Maru Mora-Villalpando, a Washington-based organizer facing her first immigration court date, files Motion to Terminate her deportation proceedings, citing First Amendment violations. Read the filing below.
Seattle, WA – Maru Mora-Villalpando, who was sent a notice to appear for a deportation hearing in December 2017 due to her “anti-ICE” organizing against immigration detention and deportations, faces her first deportation hearing this Thursday morning at the Seattle Immigration Court. Mora-Villalpando has asked the immigration judge to throw out the deportation case against her, in a court filing, which cites Immigration and Customs Enforcement’s unlawful targeting of her protected first amendment activity.
“I have accompanied many people to their check-ins and court dates with ICE. On Thursday, I will face ICE myself for the first time,” stated Mora-Villalpando. “ICE is going after me and my family because they want to silence my work, which has exposed their cruel, inhumane detention and deportation policies. I will continue this fight because I am one of millions facing ICE’s abuses, and they must be stopped,” she concluded.
Mora-Villalpando leads Northwest Detention Center Resistance, an organization that was co-founded when immigrants held at the Northwest Detention Center began a series of hunger strikes in 2014 protesting their inhumane treatment. The group’s effective organizing has brought to light the abuses faced by immigrants in the now-infamous Tacoma facility. The Motion to Terminate filed with the Seattle Immigration Court alleges that Mora-Villalpando is being singled out for deportation by ICE precisely because of her years of political activity against the agency. The Immigration Judge has the authority to terminate Mora-Villalpando deportation proceedings due to this unlawful targeting of her political speech.
Immigrant rights organizers point to the attack on Mora-Villalpando as a sign that ICE has gone beyond seeking to enforce the immigration laws. Tania Unzueta of Mijente, a national Latinx organization observed, “By purposely targeting people such as Maru who are organizing against the Trump administration’s racially-motivated deportation agenda, ICE has officially made the leap into a political repression agency.”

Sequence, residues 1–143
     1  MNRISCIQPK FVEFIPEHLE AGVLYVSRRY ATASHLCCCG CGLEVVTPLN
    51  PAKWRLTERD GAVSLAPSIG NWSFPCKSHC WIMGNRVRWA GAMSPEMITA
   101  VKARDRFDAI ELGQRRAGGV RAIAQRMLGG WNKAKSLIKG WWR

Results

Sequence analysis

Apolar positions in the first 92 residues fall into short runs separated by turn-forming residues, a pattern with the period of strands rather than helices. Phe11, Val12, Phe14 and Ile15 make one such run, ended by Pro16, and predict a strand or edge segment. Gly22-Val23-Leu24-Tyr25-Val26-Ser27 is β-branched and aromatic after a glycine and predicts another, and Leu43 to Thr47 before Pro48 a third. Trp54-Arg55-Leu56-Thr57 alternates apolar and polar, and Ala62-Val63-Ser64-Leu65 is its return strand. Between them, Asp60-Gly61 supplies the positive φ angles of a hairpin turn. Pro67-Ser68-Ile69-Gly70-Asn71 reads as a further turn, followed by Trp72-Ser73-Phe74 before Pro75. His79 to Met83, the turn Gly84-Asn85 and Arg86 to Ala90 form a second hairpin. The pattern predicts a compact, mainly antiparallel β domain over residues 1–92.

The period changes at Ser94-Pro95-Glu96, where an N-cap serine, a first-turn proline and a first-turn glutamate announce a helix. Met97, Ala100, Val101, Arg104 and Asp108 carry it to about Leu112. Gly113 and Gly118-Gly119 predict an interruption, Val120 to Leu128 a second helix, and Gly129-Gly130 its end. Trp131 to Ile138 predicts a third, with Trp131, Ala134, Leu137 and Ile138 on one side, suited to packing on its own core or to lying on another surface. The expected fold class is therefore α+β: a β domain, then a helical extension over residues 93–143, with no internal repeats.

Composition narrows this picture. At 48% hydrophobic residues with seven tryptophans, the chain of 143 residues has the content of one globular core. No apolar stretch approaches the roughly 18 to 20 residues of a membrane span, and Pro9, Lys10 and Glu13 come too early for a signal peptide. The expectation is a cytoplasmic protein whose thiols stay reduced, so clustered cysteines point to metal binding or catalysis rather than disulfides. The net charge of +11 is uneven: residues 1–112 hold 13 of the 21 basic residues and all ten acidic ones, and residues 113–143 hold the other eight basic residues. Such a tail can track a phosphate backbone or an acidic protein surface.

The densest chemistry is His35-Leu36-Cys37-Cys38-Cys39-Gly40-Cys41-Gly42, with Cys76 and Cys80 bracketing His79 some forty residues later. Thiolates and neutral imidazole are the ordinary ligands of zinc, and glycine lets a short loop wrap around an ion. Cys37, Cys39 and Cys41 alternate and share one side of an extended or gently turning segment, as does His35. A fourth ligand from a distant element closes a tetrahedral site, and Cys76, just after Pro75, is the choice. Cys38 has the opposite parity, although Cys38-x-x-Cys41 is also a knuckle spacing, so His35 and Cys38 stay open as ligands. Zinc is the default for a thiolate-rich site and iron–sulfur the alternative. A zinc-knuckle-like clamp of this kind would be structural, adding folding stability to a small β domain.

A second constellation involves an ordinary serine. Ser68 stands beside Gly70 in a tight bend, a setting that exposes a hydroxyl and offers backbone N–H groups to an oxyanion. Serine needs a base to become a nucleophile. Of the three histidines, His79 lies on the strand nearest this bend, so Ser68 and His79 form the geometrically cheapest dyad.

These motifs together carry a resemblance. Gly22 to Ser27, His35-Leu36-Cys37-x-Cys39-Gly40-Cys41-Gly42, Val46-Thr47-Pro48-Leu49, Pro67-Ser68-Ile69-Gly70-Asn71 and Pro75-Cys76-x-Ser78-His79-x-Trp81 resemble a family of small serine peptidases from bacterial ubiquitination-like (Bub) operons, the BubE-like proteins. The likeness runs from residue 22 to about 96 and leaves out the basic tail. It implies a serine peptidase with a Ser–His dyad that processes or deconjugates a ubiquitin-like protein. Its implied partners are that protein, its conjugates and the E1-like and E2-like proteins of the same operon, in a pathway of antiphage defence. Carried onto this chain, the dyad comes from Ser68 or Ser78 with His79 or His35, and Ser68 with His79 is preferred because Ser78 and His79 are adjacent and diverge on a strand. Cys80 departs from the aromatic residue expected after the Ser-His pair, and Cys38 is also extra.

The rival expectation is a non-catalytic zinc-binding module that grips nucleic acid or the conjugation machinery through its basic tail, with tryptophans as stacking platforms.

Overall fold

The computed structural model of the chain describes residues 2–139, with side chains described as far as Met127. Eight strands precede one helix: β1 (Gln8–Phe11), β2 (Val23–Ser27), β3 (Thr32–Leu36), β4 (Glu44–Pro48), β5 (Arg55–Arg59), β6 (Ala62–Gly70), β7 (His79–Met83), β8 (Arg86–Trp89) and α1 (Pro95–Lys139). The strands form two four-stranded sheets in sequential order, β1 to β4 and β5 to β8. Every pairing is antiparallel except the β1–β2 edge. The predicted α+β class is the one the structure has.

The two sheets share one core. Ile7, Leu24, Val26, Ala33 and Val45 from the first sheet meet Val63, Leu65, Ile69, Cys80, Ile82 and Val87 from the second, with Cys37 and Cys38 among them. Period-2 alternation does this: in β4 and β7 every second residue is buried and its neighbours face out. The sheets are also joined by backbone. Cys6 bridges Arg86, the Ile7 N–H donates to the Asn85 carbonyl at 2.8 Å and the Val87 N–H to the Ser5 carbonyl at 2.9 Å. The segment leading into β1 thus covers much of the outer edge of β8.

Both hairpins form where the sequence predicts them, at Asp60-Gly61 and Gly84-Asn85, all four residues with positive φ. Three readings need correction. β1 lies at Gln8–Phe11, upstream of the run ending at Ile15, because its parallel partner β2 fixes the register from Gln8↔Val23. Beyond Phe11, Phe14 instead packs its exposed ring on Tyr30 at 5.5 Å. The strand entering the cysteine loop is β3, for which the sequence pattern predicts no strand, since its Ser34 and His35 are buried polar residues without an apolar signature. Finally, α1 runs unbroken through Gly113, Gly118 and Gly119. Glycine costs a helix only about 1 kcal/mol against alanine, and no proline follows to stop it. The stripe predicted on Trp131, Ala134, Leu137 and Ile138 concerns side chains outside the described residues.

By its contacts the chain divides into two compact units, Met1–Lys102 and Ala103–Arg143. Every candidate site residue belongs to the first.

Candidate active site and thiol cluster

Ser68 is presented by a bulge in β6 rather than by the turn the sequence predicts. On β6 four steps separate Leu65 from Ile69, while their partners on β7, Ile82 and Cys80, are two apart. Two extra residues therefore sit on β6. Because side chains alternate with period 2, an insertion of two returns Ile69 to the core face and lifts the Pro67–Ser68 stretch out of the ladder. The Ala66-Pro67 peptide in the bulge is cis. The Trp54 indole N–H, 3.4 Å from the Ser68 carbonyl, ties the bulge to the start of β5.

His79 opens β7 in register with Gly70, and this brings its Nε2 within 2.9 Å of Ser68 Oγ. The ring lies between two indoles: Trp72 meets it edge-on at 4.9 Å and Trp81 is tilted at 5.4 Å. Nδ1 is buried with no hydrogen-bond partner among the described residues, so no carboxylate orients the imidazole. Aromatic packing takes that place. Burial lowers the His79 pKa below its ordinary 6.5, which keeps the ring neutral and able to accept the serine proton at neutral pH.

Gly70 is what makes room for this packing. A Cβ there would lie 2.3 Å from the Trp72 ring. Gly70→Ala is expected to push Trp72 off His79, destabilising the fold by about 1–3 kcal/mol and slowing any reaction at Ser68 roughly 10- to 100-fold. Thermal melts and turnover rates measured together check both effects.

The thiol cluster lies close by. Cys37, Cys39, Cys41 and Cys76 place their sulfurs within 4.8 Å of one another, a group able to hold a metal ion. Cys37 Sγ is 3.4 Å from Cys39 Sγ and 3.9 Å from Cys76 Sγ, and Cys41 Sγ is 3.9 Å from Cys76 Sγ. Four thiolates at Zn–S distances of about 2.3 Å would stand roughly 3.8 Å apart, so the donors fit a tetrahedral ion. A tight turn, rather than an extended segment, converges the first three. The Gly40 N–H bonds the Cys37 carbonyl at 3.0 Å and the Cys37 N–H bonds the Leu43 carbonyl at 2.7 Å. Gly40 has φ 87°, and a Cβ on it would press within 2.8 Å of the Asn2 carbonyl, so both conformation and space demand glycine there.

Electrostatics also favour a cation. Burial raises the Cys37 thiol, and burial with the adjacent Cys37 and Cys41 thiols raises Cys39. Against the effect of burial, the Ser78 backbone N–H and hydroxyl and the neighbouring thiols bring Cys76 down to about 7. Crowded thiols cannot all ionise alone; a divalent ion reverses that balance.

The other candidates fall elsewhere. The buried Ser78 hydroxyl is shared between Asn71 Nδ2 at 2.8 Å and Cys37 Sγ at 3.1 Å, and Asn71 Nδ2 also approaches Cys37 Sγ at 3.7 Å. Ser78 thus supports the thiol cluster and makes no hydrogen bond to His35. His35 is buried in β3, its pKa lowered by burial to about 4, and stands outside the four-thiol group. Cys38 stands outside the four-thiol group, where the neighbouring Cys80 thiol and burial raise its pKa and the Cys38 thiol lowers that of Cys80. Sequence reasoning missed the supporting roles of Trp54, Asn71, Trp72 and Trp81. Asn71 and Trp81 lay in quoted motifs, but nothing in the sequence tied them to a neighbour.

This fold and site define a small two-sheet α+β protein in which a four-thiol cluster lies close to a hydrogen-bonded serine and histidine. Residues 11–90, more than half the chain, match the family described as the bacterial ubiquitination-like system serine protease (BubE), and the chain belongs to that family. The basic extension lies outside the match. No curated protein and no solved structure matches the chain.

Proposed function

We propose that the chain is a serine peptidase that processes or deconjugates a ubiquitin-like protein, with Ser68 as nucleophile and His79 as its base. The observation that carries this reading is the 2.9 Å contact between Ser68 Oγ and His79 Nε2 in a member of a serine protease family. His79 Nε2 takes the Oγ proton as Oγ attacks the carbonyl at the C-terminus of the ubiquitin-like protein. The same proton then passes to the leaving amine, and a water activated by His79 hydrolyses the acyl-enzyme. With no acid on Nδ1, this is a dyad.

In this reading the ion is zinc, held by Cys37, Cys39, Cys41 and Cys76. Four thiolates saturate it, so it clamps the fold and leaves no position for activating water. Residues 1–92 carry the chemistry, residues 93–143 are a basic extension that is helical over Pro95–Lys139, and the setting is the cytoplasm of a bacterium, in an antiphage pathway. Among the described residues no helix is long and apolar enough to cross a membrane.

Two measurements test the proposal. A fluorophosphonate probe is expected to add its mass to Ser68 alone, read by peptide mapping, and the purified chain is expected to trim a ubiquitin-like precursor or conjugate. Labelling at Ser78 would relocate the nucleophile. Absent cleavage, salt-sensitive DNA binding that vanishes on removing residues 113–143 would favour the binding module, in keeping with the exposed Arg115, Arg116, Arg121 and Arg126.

Elizabeth Simpson, a member of Mora-Villalpando’s legal team and attorney with the National Immigration Project of the National Lawyers Guild, added, “We expect government officials to discharge their duties in a fair and non-discriminatory way. By targeting Maru because of her political activism, ICE is directly contravening that trust, and threatening our fundamental right to free speech and assembly.” Devin Theriot-Orr, also a member of the legal team, stated, “ICE’s actions in Maru’s case are a transparent attempt to stifle dissent by targeting specific political viewpoints for retaliatory action.”
Mora-Villalpando has lived in the U.S. for over 25 years. She lives with her daughter, Josefina, a college student and U.S. citizen, near Seattle, Washington. In addition to working with NWDC Resistance she is a founding member of the national Latinx organization, Mijente.
Mijente is a digital and grassroots hub for Latinx and Chicanx movement building and organizing that seeks to increase the profile of policy issues that matter to our communities and increase the participation of Latinx and Chicanx people in the broader movements for racial, economic, climate and gender justice.
NWDC Resistance is a volunteer community group that emerged to fight deportations in 2014 at the now-infamous Northwest Detention Center in Tacoma, WA. NWDC Resistance supports people detained who organized hunger strikes asking for a halt to all deportations and better treatment and conditions.
The National Immigration Project of the National Lawyers Guild is a national non-profit organization that provides technical assistance and support to community-based immigrant organizations, legal practitioners, and all advocates seeking and working to advance the rights of noncitizens. For 47 years, NIPNLG has promoted justice and equality of treatment in all areas of immigration law, the criminal justice system, and policies related to immigration.